SPORTS

New Korea football coach hints at change in squad selection

By Alex Park
  • Published : Jul 6, 2017 - 14:47
  • Updated : Jul 6, 2017 - 14:47

If there's one thing that makes new South Korea football coach Shin Tae-yong different from his predecessor Uli Stielike, it is his standards on squad selection.

Shin was named new head coach for the men's national football team Tuesday by the Korea Football Association, with a task of guiding South Korea to the 2018 FIFA World Cup and achieving nine consecutive appearances at football's showpiece event.

In his first meeting with the press Thursday at the KFA House in Seoul, Shin vowed to select players who best fit his style of football, even if those footballers don't play regularly with their pro clubs.

"Stielike previously said he would not pick players who don't perform regularly, but I have a different view," Shin said. "I will pick players who can help this team even if they don't play with their clubs."

New South Korean national football team coach Shin Tae-yong speaks at a press conference at the Korea Football Association headquarters in Seoul on July 6, 2017. (Yonhap)
Stielike in his early days at the helm didn't select the players who are merely bench members with their club. The German, however, later broke his dogma by fielding players like Lee Chung-yong of Crystal Palace and Park Joo-ho of Borussia Dortmund -- who were struggling to get playing time with their European clubs -- and criticized by fans.

Shin, who previously served as assistant to Stielike, said the players who show the best form at the moment will get the nod and emphasized that overseas-based players will not have a free pass to the national team.

"I want to pick players who can best portray my style of football, and it doesn't matter where they play," he said. "I can even form my entire squad with domestic league players."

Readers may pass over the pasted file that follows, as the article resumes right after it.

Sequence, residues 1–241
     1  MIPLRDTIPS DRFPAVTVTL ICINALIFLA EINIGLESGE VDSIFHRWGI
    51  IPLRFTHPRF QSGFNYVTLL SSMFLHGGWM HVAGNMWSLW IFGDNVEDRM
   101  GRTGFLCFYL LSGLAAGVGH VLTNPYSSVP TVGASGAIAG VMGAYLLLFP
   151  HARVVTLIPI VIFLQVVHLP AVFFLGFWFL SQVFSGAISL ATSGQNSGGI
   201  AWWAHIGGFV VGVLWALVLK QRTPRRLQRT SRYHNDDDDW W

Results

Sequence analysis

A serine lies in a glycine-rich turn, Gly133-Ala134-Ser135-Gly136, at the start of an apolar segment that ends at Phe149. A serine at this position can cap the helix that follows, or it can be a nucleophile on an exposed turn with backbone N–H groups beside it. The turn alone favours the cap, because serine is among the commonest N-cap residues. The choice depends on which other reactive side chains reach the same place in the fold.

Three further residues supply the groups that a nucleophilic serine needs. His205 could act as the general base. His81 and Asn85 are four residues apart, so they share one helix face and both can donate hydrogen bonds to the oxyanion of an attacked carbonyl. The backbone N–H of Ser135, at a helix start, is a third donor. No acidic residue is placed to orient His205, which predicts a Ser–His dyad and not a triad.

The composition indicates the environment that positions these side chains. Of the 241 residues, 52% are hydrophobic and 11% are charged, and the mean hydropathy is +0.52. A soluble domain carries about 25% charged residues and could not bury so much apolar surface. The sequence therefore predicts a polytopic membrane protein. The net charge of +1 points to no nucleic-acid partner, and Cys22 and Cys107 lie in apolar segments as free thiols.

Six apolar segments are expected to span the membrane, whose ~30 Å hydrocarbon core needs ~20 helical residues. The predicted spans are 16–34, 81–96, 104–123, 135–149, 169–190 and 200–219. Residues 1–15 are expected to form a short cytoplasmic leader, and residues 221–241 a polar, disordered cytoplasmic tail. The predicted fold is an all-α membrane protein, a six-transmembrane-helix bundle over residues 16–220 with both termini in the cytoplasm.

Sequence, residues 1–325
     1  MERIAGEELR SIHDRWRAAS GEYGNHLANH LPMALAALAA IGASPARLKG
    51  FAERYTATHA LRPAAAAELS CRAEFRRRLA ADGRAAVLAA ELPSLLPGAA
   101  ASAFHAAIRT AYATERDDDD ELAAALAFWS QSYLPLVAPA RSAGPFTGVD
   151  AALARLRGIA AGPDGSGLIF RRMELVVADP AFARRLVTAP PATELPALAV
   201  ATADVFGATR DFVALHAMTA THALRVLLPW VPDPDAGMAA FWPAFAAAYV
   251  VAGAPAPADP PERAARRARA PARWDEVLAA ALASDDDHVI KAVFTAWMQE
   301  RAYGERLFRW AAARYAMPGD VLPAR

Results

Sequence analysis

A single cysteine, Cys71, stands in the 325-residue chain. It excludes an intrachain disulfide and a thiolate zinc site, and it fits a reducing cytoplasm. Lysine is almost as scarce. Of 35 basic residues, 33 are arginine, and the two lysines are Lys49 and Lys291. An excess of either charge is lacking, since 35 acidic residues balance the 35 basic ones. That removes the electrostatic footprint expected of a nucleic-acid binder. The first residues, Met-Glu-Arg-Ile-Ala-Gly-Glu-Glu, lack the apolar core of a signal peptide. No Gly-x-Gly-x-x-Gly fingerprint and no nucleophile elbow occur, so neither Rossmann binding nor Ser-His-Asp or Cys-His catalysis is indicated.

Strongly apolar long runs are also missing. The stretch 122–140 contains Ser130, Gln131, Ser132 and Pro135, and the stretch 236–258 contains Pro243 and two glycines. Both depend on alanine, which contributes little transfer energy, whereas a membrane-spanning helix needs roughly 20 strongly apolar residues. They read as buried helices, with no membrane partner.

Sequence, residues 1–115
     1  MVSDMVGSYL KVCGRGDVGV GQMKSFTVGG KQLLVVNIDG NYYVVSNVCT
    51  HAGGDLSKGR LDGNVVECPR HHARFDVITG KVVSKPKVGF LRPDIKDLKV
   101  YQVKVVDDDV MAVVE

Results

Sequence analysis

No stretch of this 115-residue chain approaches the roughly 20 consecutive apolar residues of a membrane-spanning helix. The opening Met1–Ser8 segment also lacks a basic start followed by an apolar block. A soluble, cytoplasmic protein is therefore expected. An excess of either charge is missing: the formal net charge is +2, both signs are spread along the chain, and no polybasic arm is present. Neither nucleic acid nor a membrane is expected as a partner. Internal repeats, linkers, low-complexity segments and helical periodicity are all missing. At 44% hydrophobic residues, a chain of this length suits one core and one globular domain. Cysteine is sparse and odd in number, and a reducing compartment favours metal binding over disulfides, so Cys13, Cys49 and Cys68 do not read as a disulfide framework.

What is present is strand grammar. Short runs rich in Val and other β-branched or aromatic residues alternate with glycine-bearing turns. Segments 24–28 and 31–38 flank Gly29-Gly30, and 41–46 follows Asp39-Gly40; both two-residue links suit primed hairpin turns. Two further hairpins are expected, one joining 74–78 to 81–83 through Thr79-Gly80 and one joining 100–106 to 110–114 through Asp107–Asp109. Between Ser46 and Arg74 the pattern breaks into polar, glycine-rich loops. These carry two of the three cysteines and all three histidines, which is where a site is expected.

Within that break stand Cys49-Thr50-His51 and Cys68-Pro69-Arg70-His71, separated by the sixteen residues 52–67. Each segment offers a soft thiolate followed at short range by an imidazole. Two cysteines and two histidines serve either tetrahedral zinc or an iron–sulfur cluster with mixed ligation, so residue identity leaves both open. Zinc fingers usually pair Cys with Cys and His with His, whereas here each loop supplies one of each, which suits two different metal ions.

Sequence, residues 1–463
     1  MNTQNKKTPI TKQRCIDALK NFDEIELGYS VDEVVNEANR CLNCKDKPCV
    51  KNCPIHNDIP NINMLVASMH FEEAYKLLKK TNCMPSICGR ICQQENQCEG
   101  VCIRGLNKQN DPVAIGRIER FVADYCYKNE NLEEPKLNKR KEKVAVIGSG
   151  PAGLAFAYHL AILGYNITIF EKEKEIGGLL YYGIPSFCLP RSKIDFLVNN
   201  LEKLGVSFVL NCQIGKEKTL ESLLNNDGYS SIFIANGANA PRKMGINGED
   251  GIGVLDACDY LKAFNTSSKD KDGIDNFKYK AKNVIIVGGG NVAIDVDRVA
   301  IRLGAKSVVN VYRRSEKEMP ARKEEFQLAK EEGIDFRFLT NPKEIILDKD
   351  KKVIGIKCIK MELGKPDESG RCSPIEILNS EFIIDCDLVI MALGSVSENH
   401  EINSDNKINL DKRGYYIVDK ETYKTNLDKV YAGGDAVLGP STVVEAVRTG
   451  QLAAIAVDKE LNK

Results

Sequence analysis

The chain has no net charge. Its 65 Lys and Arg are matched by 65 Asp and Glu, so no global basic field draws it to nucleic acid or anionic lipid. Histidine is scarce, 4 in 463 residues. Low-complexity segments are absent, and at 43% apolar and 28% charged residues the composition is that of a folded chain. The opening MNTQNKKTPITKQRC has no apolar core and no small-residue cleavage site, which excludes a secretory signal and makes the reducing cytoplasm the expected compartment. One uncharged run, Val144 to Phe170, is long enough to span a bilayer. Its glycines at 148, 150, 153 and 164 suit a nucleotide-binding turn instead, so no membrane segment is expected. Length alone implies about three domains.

Shin knows he took the job at a critical moment. In the final Asian qualifying round, South Korea are barely holding on to the final automatic qualification spot with only two matches remaining. South Korea are stuck at 13 points with four wins, a draw and three losses, sitting in second place in Group A, but Uzbekistan are only one point behind.

In Asia, the top two teams from Groups A and B will advance directly to the World Cup in Russia. The two third-place teams must go through a playoffs for their final chance to reach the event.

South Korea are scheduled to host already qualified Iran on Aug. 31 and face Uzbekistan in Tashkent on Sept. 5 to close out the qualifying stage for the 2018 World Cup. However, the Taeguk Warriors could play without Son Heung-min of Tottenham Hotspur and Ki Sung-yueng of Swansea City in the upcoming qualifiers as both players are currently injured and need time to recover.

Shin said he will not gamble on using promising players in the remaining qualifiers since the two matches could determine the fate of South Korean football. The coach knows a lot of young players as he previously led South Korea at the Rio de Janeiro Olympic Games and at the FIFA U-20 World Cup.

"We're not in a situation to pick young players (to test)," he said. "If we can secure our World Cup spot, then we can test prospects in friendly matches and prepare for the next step." (Yonhap)